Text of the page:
By allowing ads to appear on this site, you support the local businesses who, in turn, support great journalism.
Law agencies say missing children no small matter
'All hands on deck' when a child is reported missing
Placeholder Image

Parents spend their lives protecting their children, but in the blink of an eye, their worst nightmare can become reality.

Last week, a 6-year-old was reported missing from a Gainesville apartment complex. He was found less than an hour later, but the incident serves as a reminder that not all cases turn out so well.

Luckily, child abductions are rare in Hall County, but authorities are well prepared in the case it does occur.

Most child abductions are not the dramatic case of a stranger kidnapping a child, said Kevin Holbrook, public information officer for the Gainesville Police Department.

"Generally you're going to see there's family involved," Holbrook said. "A stranger on stranger abduction is very, very rare."

In fact, the last major child abduction case in Gainesville in December 2007 involved a father kidnapping his daughter. But every case is serious, and local authorities have a plan.

In March 2009, Cornelio Zamites pleaded guilty to charges of murder, rape, child molestation, false imprisonment and kidnapping with bodily injury of 4-year-old Esmeralda Nava. Zamites, an illegal immigrant, kidnapped Nava in June 2005 and strangled her in a wooded area near his home where Nava and her parents had been visiting.

It's nightmares like these that Hall County authorities hope to never deal with again. That's why both the Gainesville Police Department and the Hall County Sheriff's Office have a thorough plan in case a child goes missing.

"In general, what we do is we will try to obtain as much information as possible, and we will saturate the area with officers," Holbrook said. "And that's usually our first plan of action. We get as many officers around the area on scene so we can start knocking on doors."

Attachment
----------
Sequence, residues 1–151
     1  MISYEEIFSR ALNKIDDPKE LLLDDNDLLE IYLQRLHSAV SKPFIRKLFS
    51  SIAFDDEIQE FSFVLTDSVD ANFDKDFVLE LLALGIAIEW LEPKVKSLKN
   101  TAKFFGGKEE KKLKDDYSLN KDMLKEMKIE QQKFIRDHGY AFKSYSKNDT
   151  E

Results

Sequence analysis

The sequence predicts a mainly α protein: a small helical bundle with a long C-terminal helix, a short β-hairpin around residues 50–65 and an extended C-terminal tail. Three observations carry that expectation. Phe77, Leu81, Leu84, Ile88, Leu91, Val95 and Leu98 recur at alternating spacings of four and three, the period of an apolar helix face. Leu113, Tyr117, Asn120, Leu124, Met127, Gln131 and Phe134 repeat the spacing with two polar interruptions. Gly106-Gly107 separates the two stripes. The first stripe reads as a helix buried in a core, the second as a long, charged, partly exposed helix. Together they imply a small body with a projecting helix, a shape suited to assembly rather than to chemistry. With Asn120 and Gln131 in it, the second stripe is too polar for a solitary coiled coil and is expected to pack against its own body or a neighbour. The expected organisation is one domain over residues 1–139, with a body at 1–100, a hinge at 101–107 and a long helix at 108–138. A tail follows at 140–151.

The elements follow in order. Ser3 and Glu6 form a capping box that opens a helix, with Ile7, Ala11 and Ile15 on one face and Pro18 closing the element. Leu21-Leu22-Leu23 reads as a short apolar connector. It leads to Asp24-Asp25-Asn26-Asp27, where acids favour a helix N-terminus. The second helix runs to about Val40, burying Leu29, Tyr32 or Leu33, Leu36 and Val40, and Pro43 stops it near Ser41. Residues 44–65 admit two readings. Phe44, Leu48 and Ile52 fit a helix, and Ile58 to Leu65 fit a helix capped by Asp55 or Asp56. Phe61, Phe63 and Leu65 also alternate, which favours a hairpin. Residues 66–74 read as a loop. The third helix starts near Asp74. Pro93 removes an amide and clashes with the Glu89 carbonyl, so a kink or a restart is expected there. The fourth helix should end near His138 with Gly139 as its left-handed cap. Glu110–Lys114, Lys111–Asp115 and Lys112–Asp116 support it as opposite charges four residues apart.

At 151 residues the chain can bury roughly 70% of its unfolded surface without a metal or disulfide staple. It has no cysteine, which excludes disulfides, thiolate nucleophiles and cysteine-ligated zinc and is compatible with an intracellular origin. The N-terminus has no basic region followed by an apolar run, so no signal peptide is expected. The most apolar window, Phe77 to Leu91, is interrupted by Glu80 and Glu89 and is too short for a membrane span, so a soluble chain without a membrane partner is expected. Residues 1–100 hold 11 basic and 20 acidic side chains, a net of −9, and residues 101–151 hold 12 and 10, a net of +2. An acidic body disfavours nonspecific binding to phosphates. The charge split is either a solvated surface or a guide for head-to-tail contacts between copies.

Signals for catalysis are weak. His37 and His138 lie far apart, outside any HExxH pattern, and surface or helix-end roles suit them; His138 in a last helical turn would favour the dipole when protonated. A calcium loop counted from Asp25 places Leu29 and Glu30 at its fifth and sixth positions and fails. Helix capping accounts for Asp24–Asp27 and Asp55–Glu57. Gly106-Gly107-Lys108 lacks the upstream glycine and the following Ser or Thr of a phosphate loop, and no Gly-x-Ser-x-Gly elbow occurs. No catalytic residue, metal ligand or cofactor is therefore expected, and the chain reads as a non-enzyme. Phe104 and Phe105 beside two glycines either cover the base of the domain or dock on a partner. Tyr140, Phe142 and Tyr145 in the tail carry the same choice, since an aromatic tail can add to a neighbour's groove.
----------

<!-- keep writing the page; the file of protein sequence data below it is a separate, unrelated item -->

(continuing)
If a child is not found soon after being reported missing, law enforcement then takes further action, including seeking assistance from other agencies.

Unlike with missing adults, law enforcement immediately issues searches in the case of a missing chid.

Authorities can request a Levi's Call to be activated so that all of Georgia can be on the lookout for the child.

If the child is believed to have been abducted, an Amber Alert will be issued notifying several area countries of the child's disappearance.

When a child is reported missing "that's an all hands on deck," said Col. Jeff Strickland, chief deputy with the Hall County Sheriff's Office.

"We flood that area with manpower, and we begin a search for the child. But certainly if it's a verified abduction that raises the bar even higher for our response on that."

The Gainesville Police Department recommends a service to parents called the Georgia Child Identification Program.

The free program provides parents with a computer disk that includes full color photographs of the child from various angles, a set of fingerprints, information about the child's features and an identification card that includes the child's information and picture.

"It goes to the parents," said Montana Thrasher of the Gainesville Police Department. "We don't keep any of the information and if the child goes missing they can give it to law enforcement."

The kit gives police a full description of the child and may help locate the child more quickly.

"A lot of times as law enforcement this helps us or enables us to do our jobs a little more efficiently," Holbrook said. "The parents are distraught in that type of a situation, so therefore this gives us a little more to go on."

The FBI has also recently released an iPhone application for parents called FBI Child ID. It allows parents to import an updated photograph and other important information about their chid to be stored on the phone.

It also gives parents information on what to do if their child disappears.

Woodrow Tripp commander of the Criminal Investigations Division, said a child abduction report is one of the most serious issues in the eyes of law enforcement.

"That's probably, I would say, one of the most serious things that we have here," he said.

"We put all hands on deck. We call in everybody and anybody when it relates to a child missing or being abducted."

Regional events